Goalies key in Champions League semis, plus trip down Memory Lane
Two stellar goalkeeping performances shaped the first legs of the Champions League semifinals this week. First, Chelsea visited the Catalan cauldron, the Camp Nou, to face free-scoring Barcelona. The attacking trio of
Chelsea prevented Barcelona from scoring at the Camp Nou for the first time since Manchester United accomplished the feat in the same stage last season.
Barça was frustrated by the result, and by the performance of the referee who gave yellow cards to
This defensive hole, the stress from a crunch La Liga match against Real Madrid this weekend and the fact Chelsea can rest players against Fulham on Saturday -- they're out of the title race -- could hand Chelsea the advantage going into next week's second leg. Surely Hiddink's arms are in knots from the incessant twisting
In the other semifinal,
Ferguson's tactics paid off. United dominated the match, creating chance after chance. The Red Devils broke the deadlock in the 18th minute via the unusual route of defender
There's no doubt we will see a different Arsenal at the Emirates next Tuesday. By removing the defensive shackles of his youthful charges, Wenger's side will make more of an attacking spectacle than in the first leg.
Arsenal certainly is still within a shout of getting to the final and winning the Champions League -- through fair means. But this year is the 90th anniversary of a little-known incident when The Gunners achieved success through slightly more dubious means.
Ring the bells, sound the trumpets, print the flyers -- from the battlements of Castle Limey, we are starting a new campaign. Arsenal should be relegated! They should also be stripped of their 13 league titles. Why? Come closer friend and listen.
Those of you with a penchant for
Dodging the horse-drawn cabs, Team Limey arrives in 1913 Highbury, where a new $625,000 (big, big money back then) stadium has just been built to house the Arsenal, which had recently, for financial gain, moved north across the river from Woolwich, where it had been originally founded at the works team for the Woolwich Arsenal armaments factory (Hence the nickname, the Gunners).
However, this new ground came at a cost. After amassing $300,000 of debt, the club's finances were under strain. Anticipated revenue streams collapsed when World War I broke out in 1914 and the professional leagues were suspended in 1915, not to recommence until '19.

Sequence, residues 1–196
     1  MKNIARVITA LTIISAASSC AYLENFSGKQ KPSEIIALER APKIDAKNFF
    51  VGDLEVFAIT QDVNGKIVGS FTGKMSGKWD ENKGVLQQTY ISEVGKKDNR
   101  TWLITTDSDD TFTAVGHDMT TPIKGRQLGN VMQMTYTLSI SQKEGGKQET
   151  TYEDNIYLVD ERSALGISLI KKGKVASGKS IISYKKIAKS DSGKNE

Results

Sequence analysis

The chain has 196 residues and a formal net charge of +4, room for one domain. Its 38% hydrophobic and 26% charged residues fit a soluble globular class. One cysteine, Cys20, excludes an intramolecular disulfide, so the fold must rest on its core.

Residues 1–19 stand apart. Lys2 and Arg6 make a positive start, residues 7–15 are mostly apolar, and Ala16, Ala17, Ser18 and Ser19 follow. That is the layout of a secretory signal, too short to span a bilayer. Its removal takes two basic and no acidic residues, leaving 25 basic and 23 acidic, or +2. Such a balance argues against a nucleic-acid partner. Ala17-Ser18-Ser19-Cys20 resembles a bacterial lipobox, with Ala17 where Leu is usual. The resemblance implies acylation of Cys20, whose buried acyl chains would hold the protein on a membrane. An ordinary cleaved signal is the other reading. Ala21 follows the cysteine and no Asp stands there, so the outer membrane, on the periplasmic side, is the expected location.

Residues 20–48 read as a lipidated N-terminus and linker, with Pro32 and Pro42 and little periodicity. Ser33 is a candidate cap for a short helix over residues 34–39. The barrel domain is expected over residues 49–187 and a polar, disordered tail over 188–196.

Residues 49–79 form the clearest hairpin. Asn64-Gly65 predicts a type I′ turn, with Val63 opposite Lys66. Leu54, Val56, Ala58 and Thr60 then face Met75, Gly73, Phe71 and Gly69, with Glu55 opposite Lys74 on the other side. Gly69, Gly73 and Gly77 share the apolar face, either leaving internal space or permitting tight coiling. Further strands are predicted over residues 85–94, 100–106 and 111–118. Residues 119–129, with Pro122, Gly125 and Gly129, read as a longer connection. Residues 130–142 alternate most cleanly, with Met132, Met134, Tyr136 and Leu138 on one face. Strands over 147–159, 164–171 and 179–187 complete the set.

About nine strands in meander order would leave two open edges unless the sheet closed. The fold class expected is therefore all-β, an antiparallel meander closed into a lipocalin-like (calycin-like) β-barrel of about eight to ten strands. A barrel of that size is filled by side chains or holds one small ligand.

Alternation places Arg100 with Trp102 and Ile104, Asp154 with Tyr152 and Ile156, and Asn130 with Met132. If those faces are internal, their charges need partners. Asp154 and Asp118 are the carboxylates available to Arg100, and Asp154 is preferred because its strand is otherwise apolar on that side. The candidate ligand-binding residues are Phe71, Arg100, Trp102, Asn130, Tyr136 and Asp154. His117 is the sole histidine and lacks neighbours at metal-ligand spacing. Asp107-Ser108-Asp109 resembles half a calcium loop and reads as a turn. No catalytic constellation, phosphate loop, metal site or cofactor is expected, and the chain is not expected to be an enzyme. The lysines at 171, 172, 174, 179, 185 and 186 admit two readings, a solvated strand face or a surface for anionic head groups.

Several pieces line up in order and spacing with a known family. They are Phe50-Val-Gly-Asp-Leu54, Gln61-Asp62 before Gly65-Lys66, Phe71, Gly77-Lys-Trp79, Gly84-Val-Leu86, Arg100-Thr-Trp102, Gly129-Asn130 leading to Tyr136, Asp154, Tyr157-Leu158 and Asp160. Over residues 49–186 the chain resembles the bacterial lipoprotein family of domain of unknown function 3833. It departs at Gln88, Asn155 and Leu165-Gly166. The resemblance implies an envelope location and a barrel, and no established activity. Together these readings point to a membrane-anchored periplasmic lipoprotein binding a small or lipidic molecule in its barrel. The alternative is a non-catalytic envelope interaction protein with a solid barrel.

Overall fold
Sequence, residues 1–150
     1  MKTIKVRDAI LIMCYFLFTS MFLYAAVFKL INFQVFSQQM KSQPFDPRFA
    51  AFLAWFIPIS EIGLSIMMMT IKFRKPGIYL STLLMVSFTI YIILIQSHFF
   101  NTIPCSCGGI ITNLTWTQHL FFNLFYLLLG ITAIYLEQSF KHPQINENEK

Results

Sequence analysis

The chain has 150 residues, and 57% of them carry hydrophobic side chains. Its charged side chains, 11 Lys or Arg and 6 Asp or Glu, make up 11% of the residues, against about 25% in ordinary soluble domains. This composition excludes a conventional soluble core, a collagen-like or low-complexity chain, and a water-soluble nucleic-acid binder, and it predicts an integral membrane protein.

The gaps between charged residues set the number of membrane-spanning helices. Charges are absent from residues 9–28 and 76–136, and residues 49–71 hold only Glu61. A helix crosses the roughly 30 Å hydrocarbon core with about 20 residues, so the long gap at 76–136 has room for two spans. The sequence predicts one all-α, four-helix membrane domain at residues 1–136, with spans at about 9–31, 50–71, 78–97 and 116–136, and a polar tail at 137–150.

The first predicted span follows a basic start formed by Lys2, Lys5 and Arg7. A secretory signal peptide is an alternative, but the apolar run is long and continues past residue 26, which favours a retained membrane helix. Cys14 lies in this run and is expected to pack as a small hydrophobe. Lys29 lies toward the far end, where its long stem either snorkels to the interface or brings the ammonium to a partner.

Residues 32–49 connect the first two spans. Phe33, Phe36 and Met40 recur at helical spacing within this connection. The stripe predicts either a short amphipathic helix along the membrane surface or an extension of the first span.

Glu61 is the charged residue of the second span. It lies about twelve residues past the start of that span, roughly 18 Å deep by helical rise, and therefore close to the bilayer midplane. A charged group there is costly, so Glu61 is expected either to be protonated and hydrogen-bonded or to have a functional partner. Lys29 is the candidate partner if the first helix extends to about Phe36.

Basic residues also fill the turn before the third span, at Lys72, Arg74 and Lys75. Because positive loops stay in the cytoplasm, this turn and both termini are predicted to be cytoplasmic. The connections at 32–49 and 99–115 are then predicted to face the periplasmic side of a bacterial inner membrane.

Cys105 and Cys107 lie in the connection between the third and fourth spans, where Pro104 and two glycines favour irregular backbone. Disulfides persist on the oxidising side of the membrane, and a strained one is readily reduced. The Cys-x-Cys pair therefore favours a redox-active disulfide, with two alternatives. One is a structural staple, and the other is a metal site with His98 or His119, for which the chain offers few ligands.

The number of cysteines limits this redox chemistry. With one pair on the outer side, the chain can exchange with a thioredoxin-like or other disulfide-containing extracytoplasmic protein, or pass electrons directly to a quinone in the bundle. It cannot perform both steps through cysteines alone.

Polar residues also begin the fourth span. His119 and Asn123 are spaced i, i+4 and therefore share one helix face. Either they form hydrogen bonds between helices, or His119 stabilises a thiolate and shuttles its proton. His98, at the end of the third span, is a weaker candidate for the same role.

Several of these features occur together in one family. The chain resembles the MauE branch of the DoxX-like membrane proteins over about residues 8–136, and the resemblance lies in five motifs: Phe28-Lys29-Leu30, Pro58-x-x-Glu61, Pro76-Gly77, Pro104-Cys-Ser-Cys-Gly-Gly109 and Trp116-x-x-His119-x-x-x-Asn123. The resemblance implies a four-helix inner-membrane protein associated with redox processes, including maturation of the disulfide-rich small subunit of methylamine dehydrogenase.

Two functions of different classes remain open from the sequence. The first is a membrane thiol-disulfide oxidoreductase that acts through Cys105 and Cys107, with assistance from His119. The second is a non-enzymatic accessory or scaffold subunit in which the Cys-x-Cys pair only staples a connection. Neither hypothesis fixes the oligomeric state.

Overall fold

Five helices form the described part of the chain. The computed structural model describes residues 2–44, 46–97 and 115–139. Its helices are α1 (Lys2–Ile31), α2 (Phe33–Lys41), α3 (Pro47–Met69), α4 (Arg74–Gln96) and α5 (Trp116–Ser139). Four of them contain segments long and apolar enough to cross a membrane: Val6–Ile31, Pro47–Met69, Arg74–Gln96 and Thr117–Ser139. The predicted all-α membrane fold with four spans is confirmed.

Arsenal had been relatively successful in that last '14-15 season, finishing in fifth place in the Second Division. But given that only two teams were promoted each season, it's puzzling that, in the first season after the war in '19-20, Arsenal ended up in the First Division.
The Football League, prior to the start of the '19-20 season, decided to expand the First and Second divisions from 20 clubs to 22 each. There appeared to be two logical ways to do this. No. 1: Don't relegate, as usual, the two bottom clubs from the First Division -- Tottenham Hotspur and Chelsea. Or, No. 2: Have the usual relegation, but in addition to first and second place Derby and Preston, also promote the third and fourth place clubs from Division 2 (Barnsley and Wolverhampton Wanderers). Relegating the bottom club (Tottenham) and promoting the third-place club (Barnsley) was also possible, but seemed less likely.
The precedent for deciding the expansion plan dictated a vote. Arsenal chairman
Bar for the start of the Great War, there would have been an investigation into Manchester United and Liverpool conspiring to allow United to win 2-0 to avoid relegation. In exchange for Norris' support that the match-fixing inquiry would not take place, it was Liverpool that argued at the League Management Committee on Arsenal's case for promotion. This was based on accelerating the development of the traditionally northern-dominated Football League in the south of the country through the use of Arsenal's first-rate new stadium.
Norris secured the Manchester United vote through the same method and those of Derby, Preston and Chelsea by offering his powerful support that they too would be elected to the First Division (remember, finishing place didn't guarantee promotion in a moment of expansion). It also seems very likely that backhanders were presented to other clubs, but time has swallowed the full details.
The plan worked. Tottenham was relegated and Derby, Preston and, amazingly, fifth-place Arsenal were promoted.
It was the last time a club was elected rather than promoted to England's top flight. And spare a thought for third-place Barnsley. It wasn't until 1997 that it tasted top-flight football again.
Last time around we were musing on why English clubs have been so dominant in the Champions League of late.
Let us know who you think will be off to Rome come the end of May at the usual address: